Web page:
By Ryan Chang,  Senior contributing editor (Waipahu, Oahu, Hawaii)


             There is something breathtaking about landscapes and mountains filled with vast green of trees.  "Majestic" is the word that often comes to mind.  I respect the North American bonsai enthusiasts as they develop the skills to grow difficult growing trees as bonsai.  Theirs are trees that I wouldnít grow due to the slow growth and because my environment is not suitable for those species.  However, none matches the beauty of winter those trees can display. 


              I love Christmas and all that it stands for.  Magic, happiness, giving, and hope.  It was last November that I decided to break the rules and put a tree directly on the top of a sculpted rock.  I wanted it to be my pine version of Dwarf Schefflera Christmas tree style.  The bottom branches need to be the lowest, widest, and longest.  The top needs to be the tallest, while everything in between needs to be managed and kept short.  Therefore, the triangle form is achieved and each branch should be easily visible.  The rock needs to be strong, it will be the base of the tree, and I had just the rock for the job.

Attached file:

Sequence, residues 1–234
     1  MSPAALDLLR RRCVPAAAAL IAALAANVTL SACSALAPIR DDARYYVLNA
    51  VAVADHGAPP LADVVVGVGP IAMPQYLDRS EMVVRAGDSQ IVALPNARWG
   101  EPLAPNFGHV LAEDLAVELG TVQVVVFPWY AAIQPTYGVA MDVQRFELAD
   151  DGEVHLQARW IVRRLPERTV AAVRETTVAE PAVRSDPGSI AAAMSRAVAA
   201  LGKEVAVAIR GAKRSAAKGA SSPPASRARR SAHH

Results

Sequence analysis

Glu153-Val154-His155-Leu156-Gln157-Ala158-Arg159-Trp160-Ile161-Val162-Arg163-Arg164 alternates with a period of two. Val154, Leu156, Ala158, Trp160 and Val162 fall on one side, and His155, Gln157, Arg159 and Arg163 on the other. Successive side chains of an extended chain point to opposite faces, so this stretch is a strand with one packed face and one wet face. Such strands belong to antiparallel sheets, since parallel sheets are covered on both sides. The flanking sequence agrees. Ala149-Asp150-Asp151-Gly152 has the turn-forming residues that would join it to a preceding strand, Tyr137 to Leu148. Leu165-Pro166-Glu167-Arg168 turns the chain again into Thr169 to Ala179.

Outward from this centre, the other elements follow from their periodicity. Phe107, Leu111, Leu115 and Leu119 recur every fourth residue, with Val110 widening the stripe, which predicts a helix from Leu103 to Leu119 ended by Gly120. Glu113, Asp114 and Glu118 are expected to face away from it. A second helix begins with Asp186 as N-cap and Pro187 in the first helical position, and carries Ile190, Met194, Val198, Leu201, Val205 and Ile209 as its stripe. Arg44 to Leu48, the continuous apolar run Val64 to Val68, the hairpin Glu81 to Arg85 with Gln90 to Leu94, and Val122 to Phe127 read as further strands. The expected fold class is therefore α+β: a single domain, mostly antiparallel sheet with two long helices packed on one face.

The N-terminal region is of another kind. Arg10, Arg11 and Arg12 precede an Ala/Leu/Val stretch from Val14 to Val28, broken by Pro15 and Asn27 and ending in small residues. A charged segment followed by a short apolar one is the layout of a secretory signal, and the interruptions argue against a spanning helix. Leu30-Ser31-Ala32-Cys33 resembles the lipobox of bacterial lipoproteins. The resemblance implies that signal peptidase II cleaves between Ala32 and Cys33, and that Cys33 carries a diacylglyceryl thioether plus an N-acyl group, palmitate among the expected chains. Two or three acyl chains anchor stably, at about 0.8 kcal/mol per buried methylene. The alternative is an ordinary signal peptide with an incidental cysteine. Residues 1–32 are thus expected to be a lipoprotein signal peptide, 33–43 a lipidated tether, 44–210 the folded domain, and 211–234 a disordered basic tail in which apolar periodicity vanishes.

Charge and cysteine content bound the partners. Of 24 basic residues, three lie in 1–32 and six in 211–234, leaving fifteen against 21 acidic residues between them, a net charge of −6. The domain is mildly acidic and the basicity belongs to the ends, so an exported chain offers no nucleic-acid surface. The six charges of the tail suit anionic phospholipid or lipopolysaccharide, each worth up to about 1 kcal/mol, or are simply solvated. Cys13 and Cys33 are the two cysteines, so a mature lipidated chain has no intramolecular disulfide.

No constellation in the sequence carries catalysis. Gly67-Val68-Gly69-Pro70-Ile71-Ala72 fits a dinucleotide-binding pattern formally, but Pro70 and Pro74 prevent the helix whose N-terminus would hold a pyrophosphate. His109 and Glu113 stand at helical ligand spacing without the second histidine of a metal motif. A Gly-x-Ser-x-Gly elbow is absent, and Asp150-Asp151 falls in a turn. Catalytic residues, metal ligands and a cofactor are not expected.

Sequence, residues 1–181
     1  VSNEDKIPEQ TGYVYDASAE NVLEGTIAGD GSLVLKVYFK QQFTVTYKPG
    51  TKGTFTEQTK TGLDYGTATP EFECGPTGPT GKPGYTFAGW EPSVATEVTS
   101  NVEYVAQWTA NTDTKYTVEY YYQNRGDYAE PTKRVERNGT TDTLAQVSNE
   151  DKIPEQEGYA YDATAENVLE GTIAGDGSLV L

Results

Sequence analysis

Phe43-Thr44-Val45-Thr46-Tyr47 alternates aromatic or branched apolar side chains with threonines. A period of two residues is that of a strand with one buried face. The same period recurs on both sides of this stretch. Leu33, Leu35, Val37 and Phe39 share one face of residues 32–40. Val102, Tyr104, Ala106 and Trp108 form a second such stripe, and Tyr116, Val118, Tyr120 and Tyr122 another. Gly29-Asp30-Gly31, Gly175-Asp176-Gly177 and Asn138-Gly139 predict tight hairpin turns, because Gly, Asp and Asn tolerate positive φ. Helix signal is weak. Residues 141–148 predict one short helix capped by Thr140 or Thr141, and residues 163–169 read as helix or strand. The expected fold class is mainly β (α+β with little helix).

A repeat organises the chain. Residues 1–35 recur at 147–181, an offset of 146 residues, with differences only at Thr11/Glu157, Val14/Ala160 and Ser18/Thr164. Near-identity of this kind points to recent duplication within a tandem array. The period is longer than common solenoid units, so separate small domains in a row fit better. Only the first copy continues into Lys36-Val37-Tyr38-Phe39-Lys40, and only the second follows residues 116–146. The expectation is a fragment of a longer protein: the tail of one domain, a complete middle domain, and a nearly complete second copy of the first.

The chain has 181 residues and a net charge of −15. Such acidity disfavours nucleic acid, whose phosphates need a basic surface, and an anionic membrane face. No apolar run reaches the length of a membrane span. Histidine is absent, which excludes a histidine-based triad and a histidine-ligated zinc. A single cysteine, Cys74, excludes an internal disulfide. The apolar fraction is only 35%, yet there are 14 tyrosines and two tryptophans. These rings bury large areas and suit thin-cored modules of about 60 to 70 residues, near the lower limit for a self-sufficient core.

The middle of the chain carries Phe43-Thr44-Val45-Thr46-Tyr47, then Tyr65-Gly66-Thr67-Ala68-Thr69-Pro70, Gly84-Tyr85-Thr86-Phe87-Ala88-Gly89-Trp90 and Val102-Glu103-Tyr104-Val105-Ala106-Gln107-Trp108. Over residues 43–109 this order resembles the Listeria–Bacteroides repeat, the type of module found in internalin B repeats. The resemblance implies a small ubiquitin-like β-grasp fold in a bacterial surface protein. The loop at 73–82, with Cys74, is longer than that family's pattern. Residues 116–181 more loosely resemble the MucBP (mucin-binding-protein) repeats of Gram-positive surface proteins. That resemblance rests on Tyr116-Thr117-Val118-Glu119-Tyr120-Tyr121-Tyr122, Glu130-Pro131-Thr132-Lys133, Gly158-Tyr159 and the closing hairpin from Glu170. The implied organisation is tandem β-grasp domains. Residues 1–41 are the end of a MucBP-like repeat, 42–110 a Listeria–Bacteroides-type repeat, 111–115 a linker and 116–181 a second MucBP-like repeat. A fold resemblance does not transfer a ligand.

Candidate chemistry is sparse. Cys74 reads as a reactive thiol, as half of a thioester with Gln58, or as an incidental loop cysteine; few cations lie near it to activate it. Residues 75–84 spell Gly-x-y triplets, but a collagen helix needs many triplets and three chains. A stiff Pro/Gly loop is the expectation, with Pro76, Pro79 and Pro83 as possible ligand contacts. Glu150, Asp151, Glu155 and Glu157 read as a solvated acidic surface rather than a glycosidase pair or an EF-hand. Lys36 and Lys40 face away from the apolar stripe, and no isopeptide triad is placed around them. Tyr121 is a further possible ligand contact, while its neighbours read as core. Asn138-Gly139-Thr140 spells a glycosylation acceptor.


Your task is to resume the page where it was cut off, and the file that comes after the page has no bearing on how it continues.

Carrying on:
The first step is to start carving.  As you know I only use 2 to 3 different sizes depending on the size.  And this rock being about 6Ēx6Ē at its tallest and widest points, I felt only 2 sizes were needed.  I used a 3/8Ē and a  1/8Ē or the two smallest in the set.  In 2014, I bought a Dremel to carve, and now I mostly use that for fine detailing and finishing.  If the material is soft enough, Iíll use it all the way through using the smallest bit.  That's just me, sometimes a different tool is called for, but mostly I like to stick with only what I need.


                Working with David, he helped me plan my objective and guided me by taking my plans and improving them for me and explaining ways that work better.  Although, I donít think I mentioned Iíd be planting directly on the top of the rock.  The picture below shows one of our discussed drawings.  NOTE: I had finished the rock in copper and black.  I had big plans about putting many trees, but in the end, only one was used.





            (Left)  This is a side view of the finished rock.  There are a lot of channels and open crevices for the roots to grow strongly.  (Right)  Getting started, I always like to lay everything out as Iíll need them, so I wonít have to run around looking for something while the roots dry out.  Here pictured is the tree selected and the training half flat and the media.